Louis Dolce Sr., is what many golfers might refer to as a range rat. On a Tuesday afternoon he shows up early to get loose, and starts hitting balls well before the rest of his group arrives at the facility. He heads to the putting green to roll some putts before heading back to take more full swings under the watchful eye of PGA Professional David Baluik (Glocester CC), who makes some minor tweaks between rips.
Louis yields his spot on the one-person, indoor driving range as his peers patiently wait their turn, but he never drifts too far away, always seizing his next opportunity to step up and swing. Louis is 95 years old, mere weeks from his 96th birthday, and this particular Tuesday at the Rhode Island Veterans Home, as he puts it repeatedly, “gave me 10 years on my life.”
The Coast Guard Veteran who served during World War II has lived at Rhode Island Veterans Home since his wife passed away almost a year ago. When the New England PGA Foundation hosted a PGA HOPE clinic at the Home for its 190 residents, he didn’t let a minute of the opportunity escape. He arrived early and waited patiently as the inflatable hitting area was set up, and lit up when he was given permission to start hitting golf shots 45 minutes early.
“I couldn’t believe I’m going to hit a golf ball again,” he said during a brief break between swings. “I have trouble with my balance, I have spinal stenosis in my back and I said ‘Jeez I’ll never do it,’ but I warmed up and it was prime. I love it.”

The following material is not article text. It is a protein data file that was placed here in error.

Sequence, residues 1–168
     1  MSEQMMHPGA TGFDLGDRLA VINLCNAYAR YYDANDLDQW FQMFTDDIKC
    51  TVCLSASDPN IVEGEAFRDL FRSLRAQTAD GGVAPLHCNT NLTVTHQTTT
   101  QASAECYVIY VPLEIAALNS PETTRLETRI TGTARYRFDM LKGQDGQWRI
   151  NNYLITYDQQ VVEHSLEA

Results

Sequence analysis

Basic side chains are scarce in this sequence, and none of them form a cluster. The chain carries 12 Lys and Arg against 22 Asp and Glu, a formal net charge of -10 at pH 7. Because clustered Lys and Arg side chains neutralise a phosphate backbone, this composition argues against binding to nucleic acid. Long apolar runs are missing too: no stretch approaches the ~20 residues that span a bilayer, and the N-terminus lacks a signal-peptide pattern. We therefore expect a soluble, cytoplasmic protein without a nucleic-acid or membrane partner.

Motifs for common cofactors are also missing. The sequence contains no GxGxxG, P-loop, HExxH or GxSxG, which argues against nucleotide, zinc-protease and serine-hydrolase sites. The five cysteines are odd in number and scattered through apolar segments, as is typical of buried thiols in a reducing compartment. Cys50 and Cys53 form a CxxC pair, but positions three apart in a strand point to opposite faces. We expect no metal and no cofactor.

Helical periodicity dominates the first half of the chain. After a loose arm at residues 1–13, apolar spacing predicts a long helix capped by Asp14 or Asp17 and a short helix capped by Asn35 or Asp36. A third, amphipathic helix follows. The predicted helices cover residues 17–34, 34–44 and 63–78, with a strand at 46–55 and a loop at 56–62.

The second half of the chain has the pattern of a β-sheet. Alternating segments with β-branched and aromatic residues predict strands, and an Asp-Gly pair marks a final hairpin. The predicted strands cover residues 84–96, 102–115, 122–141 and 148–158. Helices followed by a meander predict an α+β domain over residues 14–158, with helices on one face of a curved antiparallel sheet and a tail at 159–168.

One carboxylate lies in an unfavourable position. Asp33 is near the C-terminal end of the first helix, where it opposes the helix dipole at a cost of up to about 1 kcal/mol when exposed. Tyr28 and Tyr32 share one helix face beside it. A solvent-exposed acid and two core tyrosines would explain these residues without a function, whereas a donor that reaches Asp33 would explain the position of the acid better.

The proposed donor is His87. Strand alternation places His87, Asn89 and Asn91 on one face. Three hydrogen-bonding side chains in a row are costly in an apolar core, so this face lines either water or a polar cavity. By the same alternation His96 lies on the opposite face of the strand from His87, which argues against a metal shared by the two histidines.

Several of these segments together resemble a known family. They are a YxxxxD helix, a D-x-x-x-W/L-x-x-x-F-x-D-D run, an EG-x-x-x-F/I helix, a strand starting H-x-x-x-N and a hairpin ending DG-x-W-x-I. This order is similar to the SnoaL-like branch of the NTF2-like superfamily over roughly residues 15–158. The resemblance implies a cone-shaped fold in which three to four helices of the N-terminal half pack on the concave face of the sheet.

It’s been three decades since Louis was a member at Triggs Memorial Golf Course, playing regularly with a group all in their 60s who the course staff affectionately nicknamed “Morning Sickness.”
“I don’t know where that name came from,” Louis insists. “We put up a buck a piece and we had a handicap and we had some fun. We didn’t play for a buck and a quarter, that was too much money.”
Louis is one of dozens of Veterans who participated in the two-hour PGA HOPE clinic, along with PGA Professionals Kevin Jean (MontaupCC), Ed Kirby (Aquidneck Club) and Baluik. The variety of golfers covered the spectrum. Some held a club for the first time, while others rekindled a love for the game that they didn’t know they would experience again. Some swung freely on their own, others required help to stay standing. Some swung from a wheelchair, or with one arm, or with one arm from a wheelchair. But by day’s end they had one thing in common: everybody left with a smile, with many asking for more.
“The line was so long, you should bring two next time,” one Veteran said, motioning toward the inflatable hitting area. Meanwhile in another corner of the room, negotiations were being made between a small group of Veterans and the Home’s Physical Education instructor to set up a permanent hitting station. “When are you coming back?” others asked.
The PGA HOPE Clinic will return to the Rhode Island Veterans Home on March 17, and you can bet Louis will be first in line to take a swing.
To volunteer at the PGA HOPE clinic in March, contact NEPGA Foundation Coordinator Christian Comeau, PGA (firstname.lastname@example.org).